To create the realistic non-deformed chip geometry (the final objective), I need to generate 2 consecutive envelopes of the tool along its tool path, and subtract one to the other, as I mentioned before the envelopes can't be generated by Catia as the solid/surface cross itself along the tool path and Catia can't manage the solution, that is why I' considering to obtain a discrete solution using points.

there might be a way to convert FEA Nodes into CAD points, but I'm not aware of any way to do this
This is exactly what I need, sadly I don't think it is directly possible, I might change the topic title into what you said,

I've decided to make a little program in Scilab/Matlab to read the mesh exported data file to extract the cloud of points (it won't be very complicated, the formating is easy), and I will finish treating the numerical results in Scilab/Matlab to obtain the chip geometry, or re-format them to be import-able under the Digitized Shape Editor.


Super Moderator
Thanks for the picture - looks like a standard drill bit with a chisel tip.

I would take a different approach to your problem and just model the chip directly with some of the CATIA surfacing tools. Extract the two cutting edges of the drill bit, and Sweep them along a Helix curve based on the step (helical pitch). Use the surfaces to build the solid chip.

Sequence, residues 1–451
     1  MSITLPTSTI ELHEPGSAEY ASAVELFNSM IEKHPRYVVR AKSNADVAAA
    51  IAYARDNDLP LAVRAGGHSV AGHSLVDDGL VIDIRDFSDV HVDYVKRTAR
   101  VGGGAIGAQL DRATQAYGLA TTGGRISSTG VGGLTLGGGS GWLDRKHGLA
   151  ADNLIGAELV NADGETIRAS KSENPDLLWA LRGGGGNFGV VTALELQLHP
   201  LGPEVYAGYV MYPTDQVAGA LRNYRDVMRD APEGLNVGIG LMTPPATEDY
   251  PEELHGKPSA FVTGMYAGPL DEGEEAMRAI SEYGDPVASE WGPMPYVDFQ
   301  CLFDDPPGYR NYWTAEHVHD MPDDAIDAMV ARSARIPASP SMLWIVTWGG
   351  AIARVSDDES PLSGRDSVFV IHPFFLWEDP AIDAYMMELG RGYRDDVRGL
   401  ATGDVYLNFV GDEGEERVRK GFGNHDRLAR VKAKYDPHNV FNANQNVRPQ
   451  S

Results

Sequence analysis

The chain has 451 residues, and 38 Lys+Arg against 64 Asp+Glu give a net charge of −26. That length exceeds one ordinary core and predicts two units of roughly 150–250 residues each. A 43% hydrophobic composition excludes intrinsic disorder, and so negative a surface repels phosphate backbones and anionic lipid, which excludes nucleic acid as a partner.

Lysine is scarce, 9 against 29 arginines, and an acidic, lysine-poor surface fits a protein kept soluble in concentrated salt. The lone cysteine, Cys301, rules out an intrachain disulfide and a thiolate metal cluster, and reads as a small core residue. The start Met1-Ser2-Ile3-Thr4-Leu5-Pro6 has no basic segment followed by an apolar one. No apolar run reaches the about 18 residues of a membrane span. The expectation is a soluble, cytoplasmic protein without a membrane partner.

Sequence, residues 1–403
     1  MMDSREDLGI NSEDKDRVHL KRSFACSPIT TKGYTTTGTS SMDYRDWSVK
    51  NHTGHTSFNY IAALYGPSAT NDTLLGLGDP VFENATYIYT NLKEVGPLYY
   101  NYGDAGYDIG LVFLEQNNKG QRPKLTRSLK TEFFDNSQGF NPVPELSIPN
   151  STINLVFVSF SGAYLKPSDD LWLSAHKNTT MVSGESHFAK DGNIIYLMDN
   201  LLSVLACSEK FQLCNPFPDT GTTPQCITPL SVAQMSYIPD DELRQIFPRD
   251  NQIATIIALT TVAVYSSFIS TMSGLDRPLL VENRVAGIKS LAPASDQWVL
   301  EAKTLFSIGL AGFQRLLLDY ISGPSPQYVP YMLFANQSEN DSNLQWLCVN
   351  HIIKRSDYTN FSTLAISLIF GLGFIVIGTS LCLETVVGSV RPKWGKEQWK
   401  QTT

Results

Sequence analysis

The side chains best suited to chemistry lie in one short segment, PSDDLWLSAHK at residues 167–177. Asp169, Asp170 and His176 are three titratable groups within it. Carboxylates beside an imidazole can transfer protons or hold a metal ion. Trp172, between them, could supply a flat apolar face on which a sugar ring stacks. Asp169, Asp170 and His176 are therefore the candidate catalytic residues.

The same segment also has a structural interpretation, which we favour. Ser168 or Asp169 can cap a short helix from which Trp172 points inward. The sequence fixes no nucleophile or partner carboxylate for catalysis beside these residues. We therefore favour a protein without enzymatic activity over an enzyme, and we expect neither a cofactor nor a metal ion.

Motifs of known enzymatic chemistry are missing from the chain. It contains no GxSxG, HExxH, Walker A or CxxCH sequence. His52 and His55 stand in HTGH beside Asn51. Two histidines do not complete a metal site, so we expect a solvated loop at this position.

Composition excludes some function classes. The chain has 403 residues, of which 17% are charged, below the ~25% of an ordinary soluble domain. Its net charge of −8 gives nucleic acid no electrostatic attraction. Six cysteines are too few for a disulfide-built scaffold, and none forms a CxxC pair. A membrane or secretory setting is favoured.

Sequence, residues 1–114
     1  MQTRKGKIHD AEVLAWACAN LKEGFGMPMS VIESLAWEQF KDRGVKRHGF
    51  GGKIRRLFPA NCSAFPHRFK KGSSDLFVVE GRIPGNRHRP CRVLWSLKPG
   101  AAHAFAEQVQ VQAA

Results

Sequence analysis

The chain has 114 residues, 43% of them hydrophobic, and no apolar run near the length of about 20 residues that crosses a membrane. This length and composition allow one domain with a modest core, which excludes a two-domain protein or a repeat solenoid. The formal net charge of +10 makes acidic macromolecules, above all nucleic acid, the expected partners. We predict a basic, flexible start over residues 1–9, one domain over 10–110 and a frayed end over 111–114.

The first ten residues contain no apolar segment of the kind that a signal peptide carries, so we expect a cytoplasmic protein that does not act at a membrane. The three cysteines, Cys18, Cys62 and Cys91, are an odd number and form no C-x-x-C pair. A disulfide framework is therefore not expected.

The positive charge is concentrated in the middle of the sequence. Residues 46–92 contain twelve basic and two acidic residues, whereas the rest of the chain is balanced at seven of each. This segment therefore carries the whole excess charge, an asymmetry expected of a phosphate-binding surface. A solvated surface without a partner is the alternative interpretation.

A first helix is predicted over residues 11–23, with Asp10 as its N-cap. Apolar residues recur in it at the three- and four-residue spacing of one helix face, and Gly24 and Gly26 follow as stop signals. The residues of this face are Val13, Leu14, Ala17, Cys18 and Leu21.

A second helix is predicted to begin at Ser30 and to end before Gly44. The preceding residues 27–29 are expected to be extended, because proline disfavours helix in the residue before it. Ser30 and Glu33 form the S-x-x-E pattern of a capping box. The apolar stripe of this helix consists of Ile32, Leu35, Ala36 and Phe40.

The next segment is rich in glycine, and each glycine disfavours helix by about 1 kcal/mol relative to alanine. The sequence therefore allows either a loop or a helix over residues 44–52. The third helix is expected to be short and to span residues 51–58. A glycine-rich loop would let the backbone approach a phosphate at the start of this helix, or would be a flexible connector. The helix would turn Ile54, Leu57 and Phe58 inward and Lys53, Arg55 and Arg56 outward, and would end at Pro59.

Vivien Bo

New member
The solution you propose makes an enormous hypothesis I don't want to make : the cutting edges are the only elements removing the material

by the very nature of the process (vibrations of amplitude superior to the helical step, synchronized to the rotation, for example 1.5 oscillations/turn), there are many other surface elements that participate in the previously generated surface (clearance face interference, tool tip indentation), and thus in the chip geometry (which is primarily dependent of the vibration & machining parameters)

Not only this hypothesis isn't true (proven theoretically and experimentally), but also it is fair to say that the result for this particular process is notably different by taking this into account, and as I work on optimizing this process (including forces), these differences cannot be ignored, by a long shot. As a general example, a very thin indentation on the tool tip generate a large amount of forces, that is why my geometric simulation needs to be very accurate
I have already simulated chip geometry without interference and a simplified tool geometry (under Scilab), I'd like a more realistic simulation now, I cannot obtain results with interference all by myself (coding interference would take way too long), that is why I though about using Catia, which manage interference well enough.

(It is very constructive for me to explain this in english, I can see where I lack in details to expose my work, thank you for taking the time to read so far)